Tax Glossary

Tax Glossary

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There are currently 22 names in this directory beginning with the letter B.
Bad Debt
A loss from the worthlessness of a debt. A debt becomes worthless when the surrounding facts and circumstances indicate there's no reasonable expectation that the debt will be repaid. To show that a debt is worthless, you must establish that you've taken reasonable steps to collect the debt.

Balance Due
The amount owed to the IRS after subtracting total tax payments from the total tax liability on a tax return.

Balance Sheet
Statement of the financial position of a business as of a particular date. The statement will show the business's assets in one column and its liabilities and owner's equity in another column.

Bank Secrecy Act (BSA)
U.S. legislation aimed at preventing criminals from using financial institutions to hide or launder money. The BSA requires financial institutions to: Keep records of cash purchases of negotiable instruments File reports of cash transactions exceeding $10,000 (daily aggregate amount) Report suspicious activity that might signify money laundering, tax evasion, or other criminal activities The BSA was passed in 1970 as the first laws to fight money laundering in the United States.

Barter Exchange
Any person or an organization with members or clients that contract with each other (or with the barter exchange), who jointly trades or barters property or services.

An exchange or property or services.

The amount of an individual's investment in property for tax purposes. Term used in capital gains tax legislation to denote the cost of an asset to an owner.

Bearer Securities
Stocks, bonds, etc. in which ownership can be transferred from one holder to another without registration of the transaction by the issuing company, that is, title passes with delivery.

A person designated to receive all or a portion of a benefit after the owner dies.

Benefit Test
In considering whether a company may be allowed to deduct, as an expense, payments made to a related company in a multinational group on account of expenses incurred by that related company in providing intra-group services, tax authorities would refuse a deduction unless a real benefit had been conferred on the company claiming the deduction.

Benefits in Kind
Term which refers to earnings, usually from employment, other than in cash, as part of compensation for services rendered.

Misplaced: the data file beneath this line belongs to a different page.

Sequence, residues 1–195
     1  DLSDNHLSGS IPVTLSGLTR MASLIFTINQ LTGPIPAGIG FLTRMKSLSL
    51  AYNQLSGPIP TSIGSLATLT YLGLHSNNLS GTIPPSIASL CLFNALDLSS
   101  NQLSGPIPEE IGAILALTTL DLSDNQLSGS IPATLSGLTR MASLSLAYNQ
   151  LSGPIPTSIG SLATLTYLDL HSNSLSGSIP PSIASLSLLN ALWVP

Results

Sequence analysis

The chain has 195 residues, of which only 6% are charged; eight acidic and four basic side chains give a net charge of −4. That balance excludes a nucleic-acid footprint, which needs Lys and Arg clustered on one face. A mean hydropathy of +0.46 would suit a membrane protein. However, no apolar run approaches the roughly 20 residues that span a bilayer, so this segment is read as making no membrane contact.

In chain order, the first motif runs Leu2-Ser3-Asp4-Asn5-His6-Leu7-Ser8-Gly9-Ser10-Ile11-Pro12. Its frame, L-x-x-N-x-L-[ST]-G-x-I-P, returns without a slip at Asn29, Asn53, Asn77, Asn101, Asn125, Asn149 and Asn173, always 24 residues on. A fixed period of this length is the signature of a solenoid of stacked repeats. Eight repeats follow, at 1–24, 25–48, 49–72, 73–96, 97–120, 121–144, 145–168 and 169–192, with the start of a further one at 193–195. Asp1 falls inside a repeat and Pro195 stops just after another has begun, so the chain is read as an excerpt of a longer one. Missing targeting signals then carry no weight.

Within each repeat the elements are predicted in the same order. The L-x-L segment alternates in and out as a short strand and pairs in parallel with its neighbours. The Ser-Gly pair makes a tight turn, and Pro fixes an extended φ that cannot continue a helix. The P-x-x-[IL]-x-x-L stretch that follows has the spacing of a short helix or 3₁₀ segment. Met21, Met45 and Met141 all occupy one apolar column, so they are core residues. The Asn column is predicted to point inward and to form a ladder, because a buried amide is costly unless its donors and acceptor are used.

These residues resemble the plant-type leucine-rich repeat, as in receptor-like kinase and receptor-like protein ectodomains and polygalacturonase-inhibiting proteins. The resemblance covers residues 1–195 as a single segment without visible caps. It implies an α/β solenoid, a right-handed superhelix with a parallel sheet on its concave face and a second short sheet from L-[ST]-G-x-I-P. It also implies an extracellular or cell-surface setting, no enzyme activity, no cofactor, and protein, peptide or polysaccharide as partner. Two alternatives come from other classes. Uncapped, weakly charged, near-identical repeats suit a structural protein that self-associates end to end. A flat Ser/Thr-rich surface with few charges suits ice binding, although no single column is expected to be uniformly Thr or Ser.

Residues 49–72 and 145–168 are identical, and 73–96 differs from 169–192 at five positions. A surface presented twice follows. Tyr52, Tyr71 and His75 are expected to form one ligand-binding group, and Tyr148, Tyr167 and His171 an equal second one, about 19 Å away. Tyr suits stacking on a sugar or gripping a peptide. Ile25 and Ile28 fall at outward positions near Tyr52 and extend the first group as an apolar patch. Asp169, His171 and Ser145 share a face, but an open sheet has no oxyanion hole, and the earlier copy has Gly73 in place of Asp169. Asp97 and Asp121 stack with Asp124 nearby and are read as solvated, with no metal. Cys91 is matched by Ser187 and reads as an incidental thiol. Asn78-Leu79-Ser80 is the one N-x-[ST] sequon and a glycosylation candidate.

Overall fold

Interest-bearing debt obligation to a government or entrepreneur. The rate of interest is usually fixed.

Book Value
The value of an individual asset as recorded in the accounting records of a taxpayer, calculated as actual cost less allowances for any depreciation.

Cash or fair market value of unlike property received in an exchange.

Office or other unit of business located at a different location from the main office or headquarters. It is not a separate legal entity.

Branch Tax
Tax imposed on branches of foreign companies in addition to the normal corporate income tax on the branch's income. This is equivalent to the tax on dividends which would be due if the branch had been a subsidiary (see: subsidiary company) of the foreign company and had distributed its profit as dividends.

Brother-Sister Corporations
Two or more companies which are owned and controlled by the same shareholders.

Business Assets
Assets used for purposes of carrying on a business.

Business Bad Debt
A business bad debt that is either of the following: created or acquired in the taxpayer's trade or business or closely related to the taxpayer's trade or business when it became partly or totally worthless (a debt is closely related to the taxpayer's trade or business if the taxpayer's primary motive for incurring the debt is business related).

Business Books and Records
The intangible value of technical manuals; training manuals or programs; data files; accounting or inventory control systems; customer lists; subscription lists; insurance expirations; patient or client files; and lists of newspaper, magazine, radio, and television advertisers.

Business Expenses
Costs that do not have to be capitalized or included in the cost of goods sold. To be deductible, business expenses must be both ordinary and necessary.

Business Purpose Test
Test used as a weapon against tax avoidance schemes. Artificial schemes which create circumstances under which no tax or minimal tax is levied may be disregarded if they do not serve a "business purpose".